Differences exist between men and women in the development of obesity and related metabolic diseases such as type 2 diabetes and cardiovascular disease. Previous studies have focused on the sex-biasing role of hormones produced by male and female gonads, but these cannot account fully for the sex differences in metabolism. We discovered that removal of the gonads uncovers an important genetic determinant of sex differences in obesity—the presence of XX or XY sex chromosomes. We used a novel mouse model to tease apart the effects of male and female gonads from the effects of XX or XY chromosomes. Mice with XX sex chromosomes (relative to XY), regardless of their type of gonad, had increased body fat and ate more food during the sleep period. Mice with two X chromosomes also had accelerated weight gain, fatty liver, and hyperinsulinemia on a high fat diet. The higher expression levels of a subset of genes on the X chromosome that escape inactivation may influence adiposity and metabolic disease. The effect of X chromosome genes is present throughout life, but may become particularly significant with increases in longevity and extension of the period spent with reduced gonadal hormone levels.
PMCID: PMC3349739  PMID: 22589744
4.  Liver X Receptor Signaling is a Determinant of Stellate Cell Activation and Susceptibility to Fibrotic Liver Disease 
Gastroenterology  2010;140(3):1052-1062.
Background & Aims
Liver X receptors (LXRs) are lipid-activated nuclear receptors with important roles in cholesterol transport, lipogenesis, and anti-inflammatory signaling. Hepatic stellate cells (HSCs) activate during chronic liver injury and mediate the fibrotic response. These cells are also major repositories for lipids, but the role of lipid metabolism during stellate cell activation remains unclear. Here we show that LXR signaling is an important determinant of stellate cell activation and susceptibility to fibrotic liver disease.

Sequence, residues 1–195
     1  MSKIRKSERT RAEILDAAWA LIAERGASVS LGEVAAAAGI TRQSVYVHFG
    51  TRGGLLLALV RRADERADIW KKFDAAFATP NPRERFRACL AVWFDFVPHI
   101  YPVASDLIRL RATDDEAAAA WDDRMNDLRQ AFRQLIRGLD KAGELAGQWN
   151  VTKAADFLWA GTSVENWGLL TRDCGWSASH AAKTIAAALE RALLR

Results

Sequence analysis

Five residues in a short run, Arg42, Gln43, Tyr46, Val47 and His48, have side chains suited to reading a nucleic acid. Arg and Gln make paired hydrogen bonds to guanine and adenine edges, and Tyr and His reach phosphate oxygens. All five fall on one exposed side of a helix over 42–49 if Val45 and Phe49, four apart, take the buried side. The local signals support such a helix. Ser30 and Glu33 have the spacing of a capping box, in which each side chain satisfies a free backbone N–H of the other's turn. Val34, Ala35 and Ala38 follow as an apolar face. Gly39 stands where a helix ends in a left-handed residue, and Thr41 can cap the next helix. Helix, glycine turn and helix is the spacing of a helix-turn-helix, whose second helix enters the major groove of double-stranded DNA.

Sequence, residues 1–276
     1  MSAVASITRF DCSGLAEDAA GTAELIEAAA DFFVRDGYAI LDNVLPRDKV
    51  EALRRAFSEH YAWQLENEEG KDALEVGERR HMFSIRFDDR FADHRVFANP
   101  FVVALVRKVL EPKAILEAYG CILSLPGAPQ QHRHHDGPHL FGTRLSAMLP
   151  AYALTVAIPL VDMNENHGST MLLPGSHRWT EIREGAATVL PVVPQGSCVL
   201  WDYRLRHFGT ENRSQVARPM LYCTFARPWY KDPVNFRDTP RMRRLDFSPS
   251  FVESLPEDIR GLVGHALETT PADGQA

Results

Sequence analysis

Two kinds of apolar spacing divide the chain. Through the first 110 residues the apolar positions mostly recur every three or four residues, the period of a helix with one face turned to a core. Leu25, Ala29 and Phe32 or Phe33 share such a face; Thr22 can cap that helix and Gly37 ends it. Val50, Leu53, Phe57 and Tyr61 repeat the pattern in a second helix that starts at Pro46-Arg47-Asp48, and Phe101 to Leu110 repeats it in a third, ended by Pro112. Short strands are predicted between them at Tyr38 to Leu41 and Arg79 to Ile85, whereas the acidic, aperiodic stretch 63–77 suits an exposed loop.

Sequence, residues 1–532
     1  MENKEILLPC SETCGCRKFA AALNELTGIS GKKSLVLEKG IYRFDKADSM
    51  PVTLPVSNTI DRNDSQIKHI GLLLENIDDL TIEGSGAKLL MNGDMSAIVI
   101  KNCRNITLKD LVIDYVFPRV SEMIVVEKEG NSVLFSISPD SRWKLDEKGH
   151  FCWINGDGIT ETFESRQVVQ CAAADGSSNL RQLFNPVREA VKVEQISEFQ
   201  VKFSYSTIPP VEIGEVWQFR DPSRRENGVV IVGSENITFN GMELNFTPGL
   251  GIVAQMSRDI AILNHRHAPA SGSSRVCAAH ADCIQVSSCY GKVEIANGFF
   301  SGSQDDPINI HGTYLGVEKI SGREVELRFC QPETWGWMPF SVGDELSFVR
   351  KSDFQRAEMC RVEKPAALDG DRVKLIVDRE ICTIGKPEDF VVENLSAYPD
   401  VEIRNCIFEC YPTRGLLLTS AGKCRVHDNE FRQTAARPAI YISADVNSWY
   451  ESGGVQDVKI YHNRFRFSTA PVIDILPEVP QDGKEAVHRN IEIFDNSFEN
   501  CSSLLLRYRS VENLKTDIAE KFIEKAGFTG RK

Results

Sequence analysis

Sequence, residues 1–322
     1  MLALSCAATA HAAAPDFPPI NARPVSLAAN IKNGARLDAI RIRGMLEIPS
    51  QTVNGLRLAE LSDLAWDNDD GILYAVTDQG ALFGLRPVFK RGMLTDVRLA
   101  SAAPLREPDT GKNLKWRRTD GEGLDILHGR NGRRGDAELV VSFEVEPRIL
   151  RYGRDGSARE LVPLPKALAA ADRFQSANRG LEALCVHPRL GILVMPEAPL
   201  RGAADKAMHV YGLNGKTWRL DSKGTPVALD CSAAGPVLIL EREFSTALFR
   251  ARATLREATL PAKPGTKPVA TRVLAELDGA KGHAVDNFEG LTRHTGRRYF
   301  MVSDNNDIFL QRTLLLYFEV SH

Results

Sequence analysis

Immortalized and primary stellate cells purified from mice were treated with highly specific LXR ligands. Carbon tetrachloride (CCl4) and methionine choline deficiency (MCD) were used as chronic liver injury models. Reciprocal bone marrow transplants were performed to test the importance of hematopoietically-derived cells to the fibrotic response.
LXR ligands suppressed markers of fibrosis and stellate cell activation in primary mouse stellate cells. Lxrαβ −/− stellate cells produce increased levels of inflammatory mediators and conditioned media from Lxrαβ−/− cells increases the fibrogenic program of wild-type cells. Furthermore, Lxrαβ−/− stellate cells exhibit altered lipid morphology and increased expression of fibrogenic genes, suggesting they are primed for activation. In vivo, Lxrαβ−/− mice have marked susceptibility to fibrosis in two injury models. Bone marrow transplants point to altered stellate cell function, rather than hematopoietic cell inflammation, as the primary basis for the Lxrαβ−/− phenotype.
These results reveal an unexpected role for LXR signaling and lipid metabolism in the modulation of hepatic stellate cell function.
PMCID: PMC3049833  PMID: 21134374
Nuclear receptors; LXRs; hepatic stellate cells; liver fibrosis
5.  Coordinate regulation of neutrophil homeostasis by liver X receptors in mice 
The most abundant immune cell type is the neutrophil, a key first responder after pathogen invasion. Neutrophil numbers in the periphery are tightly regulated to prevent opportunistic infections and aberrant inflammation. In healthy individuals, more than 1 × 109 neutrophils per kilogram body weight are released from the bone marrow every 24 hours. To maintain homeostatic levels, an equivalent number of senescent cells must be cleared from circulation. Recent studies indicate that clearance of senescent neutrophils by resident tissue macrophages and DCs helps to set homeostatic levels of neutrophils via effects on the IL-23/IL-17/G-CSF cytokine axis, which stimulates neutrophil production in the bone marrow. However, the molecular events in phagocytes underlying this feedback loop have remained indeterminate. Liver X receptors (LXRs) are members of the nuclear receptor superfamily that regulate both lipid metabolic and inflammatory gene expression. Here, we demonstrate that LXRs contribute to the control of neutrophil homeostasis. Using gain- and loss-of-function models, we found that LXR signaling regulated the efficient clearance of senescent neutrophils by peripheral tissue APCs in a Mer-dependent manner. Furthermore, activation of LXR by engulfed neutrophils directly repressed the IL-23/IL-17/G-CSF granulopoietic cytokine cascade. These results provide mechanistic insight into the molecular events orchestrating neutrophil homeostasis and advance our understanding of LXRs as integrators of phagocyte function, lipid metabolism, and cytokine gene expression.
PMCID: PMC3248291  PMID: 22156197

Results 1-5 (5)